Forests are one of the most important terrestrial ecosystems for the protection of biodiversity, but at the same time they are under heavy production pressures. In many cases, management optimized for timber production leads to a simplification of forest structures, which is associated with species loss. In recent decades, the concept of retention forestry has been implemented in many parts of the world to mitigate this loss, by increasing structure in managed stands. Although this concept is widely adapted, our understanding what forest structure is and how to reliably measure and quantify it is still lacking. Thus, more insights into the assessment of biodiversity-relevant structures are needed, when aiming to implement retention practices in forest management to reach ambitious conservation goals. In this study we compare expert ratings on forest structural richness with a modern light detection and ranging (LiDAR) -based index, based on 52 research sites, where terrestrial laser scanning (TLS) data and 360° photos have been taken. Using an online survey (n = 444) with interactive 360° panoramic image viewers, we sought to investigate expert opinions on forest structure and learn to what degree measures of structure from terrestrial laser scans mirror experts’ estimates. We found that the experts’ ratings have large standard deviance and therefore little agreement. Nevertheless, when averaging the large number of participants, they distinguish stands according to their structural richness significantly. The stand structural complexity index (SSCI) was computed for each site from the LiDAR scan data, and this was shown to reflect some of the variation of expert ratings (p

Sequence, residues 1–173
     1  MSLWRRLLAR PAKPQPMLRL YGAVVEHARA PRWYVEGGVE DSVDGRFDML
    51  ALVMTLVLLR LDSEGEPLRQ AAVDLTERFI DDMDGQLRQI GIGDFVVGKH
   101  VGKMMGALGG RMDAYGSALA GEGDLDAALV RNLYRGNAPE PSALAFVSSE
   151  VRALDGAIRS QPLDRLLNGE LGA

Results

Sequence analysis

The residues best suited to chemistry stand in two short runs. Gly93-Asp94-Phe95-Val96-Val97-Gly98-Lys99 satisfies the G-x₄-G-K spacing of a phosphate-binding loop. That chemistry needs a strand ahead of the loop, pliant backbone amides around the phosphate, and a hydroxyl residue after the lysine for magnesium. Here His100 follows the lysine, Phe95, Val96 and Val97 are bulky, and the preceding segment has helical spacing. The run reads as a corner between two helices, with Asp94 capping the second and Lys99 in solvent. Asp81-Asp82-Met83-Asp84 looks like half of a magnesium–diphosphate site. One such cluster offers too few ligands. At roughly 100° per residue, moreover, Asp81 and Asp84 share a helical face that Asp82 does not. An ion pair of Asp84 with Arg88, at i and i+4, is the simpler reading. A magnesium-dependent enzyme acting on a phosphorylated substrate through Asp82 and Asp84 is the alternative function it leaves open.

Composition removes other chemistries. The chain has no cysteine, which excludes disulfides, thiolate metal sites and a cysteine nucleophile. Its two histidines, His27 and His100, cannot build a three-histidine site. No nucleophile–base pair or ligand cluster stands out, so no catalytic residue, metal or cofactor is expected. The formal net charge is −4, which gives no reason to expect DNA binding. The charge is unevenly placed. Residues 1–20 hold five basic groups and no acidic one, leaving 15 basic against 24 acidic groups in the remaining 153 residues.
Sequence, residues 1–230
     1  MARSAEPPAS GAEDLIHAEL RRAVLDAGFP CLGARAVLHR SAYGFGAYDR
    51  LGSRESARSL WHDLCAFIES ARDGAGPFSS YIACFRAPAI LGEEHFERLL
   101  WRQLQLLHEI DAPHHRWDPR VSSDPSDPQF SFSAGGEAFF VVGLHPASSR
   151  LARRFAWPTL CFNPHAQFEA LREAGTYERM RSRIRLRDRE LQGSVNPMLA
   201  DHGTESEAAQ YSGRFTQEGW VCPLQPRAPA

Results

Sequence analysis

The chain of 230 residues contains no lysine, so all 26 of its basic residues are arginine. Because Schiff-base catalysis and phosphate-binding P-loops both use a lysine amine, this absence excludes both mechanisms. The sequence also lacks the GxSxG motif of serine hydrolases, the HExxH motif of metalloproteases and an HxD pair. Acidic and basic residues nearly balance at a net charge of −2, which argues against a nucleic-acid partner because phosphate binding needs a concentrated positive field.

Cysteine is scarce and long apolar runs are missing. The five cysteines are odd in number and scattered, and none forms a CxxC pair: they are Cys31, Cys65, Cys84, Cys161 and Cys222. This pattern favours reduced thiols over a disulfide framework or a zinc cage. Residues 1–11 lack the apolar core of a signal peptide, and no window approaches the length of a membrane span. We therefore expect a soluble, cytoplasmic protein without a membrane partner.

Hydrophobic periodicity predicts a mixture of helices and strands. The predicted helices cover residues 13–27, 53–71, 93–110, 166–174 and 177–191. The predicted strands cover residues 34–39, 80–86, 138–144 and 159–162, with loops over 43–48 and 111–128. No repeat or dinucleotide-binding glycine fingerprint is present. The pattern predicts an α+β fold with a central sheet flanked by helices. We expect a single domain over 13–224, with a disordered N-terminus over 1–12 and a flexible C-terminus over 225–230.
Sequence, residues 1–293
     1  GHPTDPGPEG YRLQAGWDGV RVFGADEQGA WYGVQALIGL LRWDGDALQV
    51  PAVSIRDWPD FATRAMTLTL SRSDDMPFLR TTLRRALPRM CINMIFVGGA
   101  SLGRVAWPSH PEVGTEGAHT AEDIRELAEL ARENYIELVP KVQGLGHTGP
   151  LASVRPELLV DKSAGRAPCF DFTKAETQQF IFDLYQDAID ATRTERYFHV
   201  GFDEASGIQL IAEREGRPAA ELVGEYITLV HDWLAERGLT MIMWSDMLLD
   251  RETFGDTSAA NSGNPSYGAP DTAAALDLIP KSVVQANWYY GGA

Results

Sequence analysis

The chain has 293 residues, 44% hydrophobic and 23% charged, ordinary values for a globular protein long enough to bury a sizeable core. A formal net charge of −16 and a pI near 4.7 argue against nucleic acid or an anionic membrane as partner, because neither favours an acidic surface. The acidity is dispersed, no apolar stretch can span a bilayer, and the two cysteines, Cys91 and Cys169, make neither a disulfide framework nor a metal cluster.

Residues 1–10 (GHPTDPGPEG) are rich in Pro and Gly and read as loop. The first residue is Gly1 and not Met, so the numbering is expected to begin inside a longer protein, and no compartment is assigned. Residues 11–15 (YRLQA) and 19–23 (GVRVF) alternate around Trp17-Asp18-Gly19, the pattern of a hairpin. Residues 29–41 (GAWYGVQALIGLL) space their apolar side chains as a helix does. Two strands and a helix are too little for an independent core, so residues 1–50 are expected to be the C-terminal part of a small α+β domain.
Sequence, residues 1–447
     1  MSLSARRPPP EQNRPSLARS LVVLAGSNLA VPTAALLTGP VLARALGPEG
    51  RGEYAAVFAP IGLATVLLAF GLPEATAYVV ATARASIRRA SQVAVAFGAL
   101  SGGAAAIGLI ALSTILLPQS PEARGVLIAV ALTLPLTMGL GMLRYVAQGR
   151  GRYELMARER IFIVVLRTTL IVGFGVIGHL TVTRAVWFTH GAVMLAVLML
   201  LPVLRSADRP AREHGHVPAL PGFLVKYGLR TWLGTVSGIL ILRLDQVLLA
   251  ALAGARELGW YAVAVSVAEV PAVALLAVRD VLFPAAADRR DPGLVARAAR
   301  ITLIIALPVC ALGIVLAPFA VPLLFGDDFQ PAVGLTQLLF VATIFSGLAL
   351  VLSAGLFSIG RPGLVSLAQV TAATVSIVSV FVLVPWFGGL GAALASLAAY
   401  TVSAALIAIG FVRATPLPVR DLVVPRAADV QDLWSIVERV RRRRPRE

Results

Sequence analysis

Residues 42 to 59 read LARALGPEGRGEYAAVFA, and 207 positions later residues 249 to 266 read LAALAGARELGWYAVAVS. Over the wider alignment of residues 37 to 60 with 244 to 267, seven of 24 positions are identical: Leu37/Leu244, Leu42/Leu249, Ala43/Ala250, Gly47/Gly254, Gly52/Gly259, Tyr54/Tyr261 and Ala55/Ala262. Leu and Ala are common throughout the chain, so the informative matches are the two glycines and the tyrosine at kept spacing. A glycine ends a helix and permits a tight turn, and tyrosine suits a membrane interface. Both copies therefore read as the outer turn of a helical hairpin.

= 0.02). Together with covariates describing participants’ personal background, image properties and terrain variables, we reached a conditional R2
of 0.44 using a linear mixed effect model. The education of the participants had no influence on their ratings, but practical experience showed a clear effect. Because the SSCI and expert opinion align to a significant degree, we conclude that the SSCI is a valuable tool to support forest managers in the selection of retention patches.
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